Behind the scenes: Turning a team into a club
While the cameras are pointing at the gates to see who the latest signing might be, there is a world of work going on away from the spotlight in every club across the land to prepare them for the coming season. From board level to the ground staff, here's the inside track on what it takes to get a club ready for the coming season.
When you scan your ticket through the turnstile, find your seat in the stands and cast your eye over the freshly assembled squad on day one of the new season, you're experiencing the product of maybe a year in the life of an English Premier League club.
For players, the campaign may literally kick off the instant the referee holds the whistle to his mouth and signals for play to begin. For everyone else connected with the club, the new season may have started 12 months earlier.
Notice the new playing strip? Someone has been working on that sleek design with the manufacturer for 12 months. Love your new member's cap?
The idea to include it as part of your season ticket was conceived well before the end of last season.
And doesn't the pitch look pristine and fancy with those patterns? That's because the groundsman never stops tending to it and treats it as if it were a player.
While fans enjoy a three-month hiatus from the game, for most at a club, the off-season is a period when they head into overdrive.
Just like any other business, sports clubs have reviews of every department.
Not surprisingly, the most rigorous involve the post-season analysis of the football section - regardless of the team's overall performance - and membership department.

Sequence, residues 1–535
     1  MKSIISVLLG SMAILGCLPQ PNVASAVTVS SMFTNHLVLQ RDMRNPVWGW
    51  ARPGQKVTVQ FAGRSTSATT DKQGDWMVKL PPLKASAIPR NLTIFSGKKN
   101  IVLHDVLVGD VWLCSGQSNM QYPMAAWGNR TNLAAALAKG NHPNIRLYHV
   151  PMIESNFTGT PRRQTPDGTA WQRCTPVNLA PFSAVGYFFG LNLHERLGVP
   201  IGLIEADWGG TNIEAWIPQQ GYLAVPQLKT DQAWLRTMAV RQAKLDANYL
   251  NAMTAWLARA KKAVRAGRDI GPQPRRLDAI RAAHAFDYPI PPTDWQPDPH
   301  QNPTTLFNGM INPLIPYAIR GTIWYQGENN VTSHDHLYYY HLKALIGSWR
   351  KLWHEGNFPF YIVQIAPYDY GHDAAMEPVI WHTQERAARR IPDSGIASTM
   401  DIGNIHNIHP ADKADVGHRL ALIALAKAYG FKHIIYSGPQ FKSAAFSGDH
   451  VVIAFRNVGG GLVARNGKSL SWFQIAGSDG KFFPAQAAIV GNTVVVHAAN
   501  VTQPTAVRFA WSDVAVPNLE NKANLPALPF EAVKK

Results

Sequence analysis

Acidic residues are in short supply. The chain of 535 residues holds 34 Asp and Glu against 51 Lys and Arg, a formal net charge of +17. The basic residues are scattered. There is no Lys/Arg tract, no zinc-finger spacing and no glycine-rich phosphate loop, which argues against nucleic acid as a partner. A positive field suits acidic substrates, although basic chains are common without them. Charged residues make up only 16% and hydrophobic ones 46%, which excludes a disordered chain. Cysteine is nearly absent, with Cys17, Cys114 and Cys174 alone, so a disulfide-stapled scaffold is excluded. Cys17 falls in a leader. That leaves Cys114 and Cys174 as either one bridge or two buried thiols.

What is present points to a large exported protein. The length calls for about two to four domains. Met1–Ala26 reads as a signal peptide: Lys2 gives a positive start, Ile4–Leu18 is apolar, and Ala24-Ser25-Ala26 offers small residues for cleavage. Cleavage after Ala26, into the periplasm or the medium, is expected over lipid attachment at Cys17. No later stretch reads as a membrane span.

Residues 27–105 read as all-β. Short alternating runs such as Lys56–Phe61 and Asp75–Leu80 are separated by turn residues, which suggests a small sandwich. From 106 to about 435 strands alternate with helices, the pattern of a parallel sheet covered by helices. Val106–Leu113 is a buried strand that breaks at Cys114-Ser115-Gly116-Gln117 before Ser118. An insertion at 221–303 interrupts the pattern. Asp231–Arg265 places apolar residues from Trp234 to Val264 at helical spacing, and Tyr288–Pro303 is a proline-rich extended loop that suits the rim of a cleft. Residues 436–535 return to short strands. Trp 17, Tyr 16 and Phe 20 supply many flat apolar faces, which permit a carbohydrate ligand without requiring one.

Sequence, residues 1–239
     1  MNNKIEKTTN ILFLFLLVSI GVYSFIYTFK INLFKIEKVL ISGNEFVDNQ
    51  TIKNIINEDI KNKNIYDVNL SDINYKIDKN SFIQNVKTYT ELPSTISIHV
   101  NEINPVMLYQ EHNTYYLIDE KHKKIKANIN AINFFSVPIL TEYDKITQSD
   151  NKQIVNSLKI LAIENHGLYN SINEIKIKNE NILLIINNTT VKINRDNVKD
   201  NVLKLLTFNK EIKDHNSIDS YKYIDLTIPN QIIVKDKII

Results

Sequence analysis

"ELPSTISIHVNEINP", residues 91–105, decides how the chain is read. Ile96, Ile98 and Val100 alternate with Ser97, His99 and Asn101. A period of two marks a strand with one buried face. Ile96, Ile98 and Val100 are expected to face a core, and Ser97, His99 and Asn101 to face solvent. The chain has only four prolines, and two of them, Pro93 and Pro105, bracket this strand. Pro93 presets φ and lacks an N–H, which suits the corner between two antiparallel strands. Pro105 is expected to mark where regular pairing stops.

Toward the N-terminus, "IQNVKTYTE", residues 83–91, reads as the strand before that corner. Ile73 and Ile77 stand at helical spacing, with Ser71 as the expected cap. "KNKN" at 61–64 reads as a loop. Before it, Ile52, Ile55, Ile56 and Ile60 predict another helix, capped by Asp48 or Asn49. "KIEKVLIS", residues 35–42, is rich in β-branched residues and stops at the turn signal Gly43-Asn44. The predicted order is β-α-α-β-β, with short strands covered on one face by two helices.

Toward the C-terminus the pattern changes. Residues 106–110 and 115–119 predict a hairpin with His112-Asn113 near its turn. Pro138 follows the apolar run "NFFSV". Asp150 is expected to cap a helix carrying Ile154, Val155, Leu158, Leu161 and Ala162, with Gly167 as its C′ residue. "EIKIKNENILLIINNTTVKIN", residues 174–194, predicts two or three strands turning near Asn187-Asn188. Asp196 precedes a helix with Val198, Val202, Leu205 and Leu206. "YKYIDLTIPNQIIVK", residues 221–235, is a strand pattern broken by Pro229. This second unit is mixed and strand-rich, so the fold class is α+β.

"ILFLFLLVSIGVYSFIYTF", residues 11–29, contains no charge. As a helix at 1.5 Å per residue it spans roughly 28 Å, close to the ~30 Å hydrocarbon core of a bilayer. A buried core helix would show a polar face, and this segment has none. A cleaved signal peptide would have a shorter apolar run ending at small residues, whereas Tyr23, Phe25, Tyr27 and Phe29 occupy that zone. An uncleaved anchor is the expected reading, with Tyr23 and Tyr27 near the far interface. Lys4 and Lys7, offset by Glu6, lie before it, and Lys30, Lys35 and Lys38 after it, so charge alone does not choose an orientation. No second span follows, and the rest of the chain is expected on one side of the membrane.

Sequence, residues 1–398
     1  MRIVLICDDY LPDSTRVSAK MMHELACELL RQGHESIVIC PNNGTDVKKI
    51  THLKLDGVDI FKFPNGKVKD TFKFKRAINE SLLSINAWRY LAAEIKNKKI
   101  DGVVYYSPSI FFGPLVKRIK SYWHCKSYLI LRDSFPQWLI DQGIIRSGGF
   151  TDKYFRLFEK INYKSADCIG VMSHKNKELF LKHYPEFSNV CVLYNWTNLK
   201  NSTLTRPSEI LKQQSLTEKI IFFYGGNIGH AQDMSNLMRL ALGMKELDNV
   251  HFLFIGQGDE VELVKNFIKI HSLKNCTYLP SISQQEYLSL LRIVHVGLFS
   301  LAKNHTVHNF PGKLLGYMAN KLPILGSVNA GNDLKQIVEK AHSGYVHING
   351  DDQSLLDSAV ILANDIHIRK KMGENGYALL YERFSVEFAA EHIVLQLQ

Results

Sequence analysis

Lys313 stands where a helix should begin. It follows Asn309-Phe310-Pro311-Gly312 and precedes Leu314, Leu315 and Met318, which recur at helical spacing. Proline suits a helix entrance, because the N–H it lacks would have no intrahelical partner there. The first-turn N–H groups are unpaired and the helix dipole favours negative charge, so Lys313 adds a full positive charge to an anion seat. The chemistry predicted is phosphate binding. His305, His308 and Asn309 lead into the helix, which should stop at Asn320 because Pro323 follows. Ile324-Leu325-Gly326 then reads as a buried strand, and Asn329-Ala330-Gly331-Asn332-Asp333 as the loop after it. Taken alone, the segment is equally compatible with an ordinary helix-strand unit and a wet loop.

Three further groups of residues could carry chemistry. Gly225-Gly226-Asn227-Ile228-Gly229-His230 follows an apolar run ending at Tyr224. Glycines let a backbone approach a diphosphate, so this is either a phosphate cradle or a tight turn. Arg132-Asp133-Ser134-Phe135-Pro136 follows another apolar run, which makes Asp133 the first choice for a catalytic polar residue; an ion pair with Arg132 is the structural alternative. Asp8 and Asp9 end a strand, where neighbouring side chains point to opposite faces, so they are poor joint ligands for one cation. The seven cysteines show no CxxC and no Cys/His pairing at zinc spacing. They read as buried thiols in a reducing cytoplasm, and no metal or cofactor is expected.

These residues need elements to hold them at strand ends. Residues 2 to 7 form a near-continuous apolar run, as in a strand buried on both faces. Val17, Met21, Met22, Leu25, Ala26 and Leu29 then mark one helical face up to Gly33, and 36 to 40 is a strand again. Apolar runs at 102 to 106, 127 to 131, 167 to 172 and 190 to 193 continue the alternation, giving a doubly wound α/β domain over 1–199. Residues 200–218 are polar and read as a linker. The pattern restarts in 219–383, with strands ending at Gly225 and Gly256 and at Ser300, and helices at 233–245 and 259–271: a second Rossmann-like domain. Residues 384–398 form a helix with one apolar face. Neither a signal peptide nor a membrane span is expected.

As for the football, an entire 12-month calendar has to be mapped out. Every individual day is planned, juggling fixtures, travel, recovery, conditioning, preparation, diet, promotional appearances and pre-season games. But for all the preparation, this cannot be completed until the league fixtures have been released.
Pre-season overseas tours, featuring tournaments such as the International Champions Cup, just add to the balancing act.
Meanwhile, their counterparts in the membership team are busy producing plans and brochures to ensure as wide a take-up as possible in the coming season - and, of course, they have to deliver those plans.
Co-ordinating membership cards and merchandise appears straightforward. However, all those products have significant lead times. A lot needs to come together in the off-season for this department, which is vitally important to the club for establishing and maintaining a strong and loyal membership base.
Over in the commercial and marketing sections, work for the following season will also have commenced many months ago. Long-term planning is an essential ingredient in the creation of a strong brand and culture, as well as in helping the club overcome the hard-to-predict obstacles that may arise.
For example, a club cannot produce playing strips if major sponsorships have not been signed off, and the membership department cannot use a team photo for a promotional pack if the squad is not yet fully assembled.
The close season is also a good time for negotiating new sponsorship deals. So when you see the starting 11 out on the pitch waiting for the referee to blow his whistle, it's worth taking a moment to consider the people behind the scenes who book their coach transfers, organise their accommodation, work with other clubs to arrange the crucial pre-season fixtures, co-ordinate the catering at training and on match days and ensure all the kits are pressed and pristine.
Just as the players have bought into the manager's outlook, all employees of the club have also subscribed to the broader club philosophy and culture.
Together, not only do they help create the team who stand before you, but the club. And as you admire the finely manicured, immaculate pitch, you might like to tilt that cap that the marketing department designed for you in the direction of the unseen ground staff, who have probably been at the stadium since 7am and won't finish their duties until at least 45 minutes after you've all headed for home.
Optus hold the broadcast rights to the English Premier League in Australia.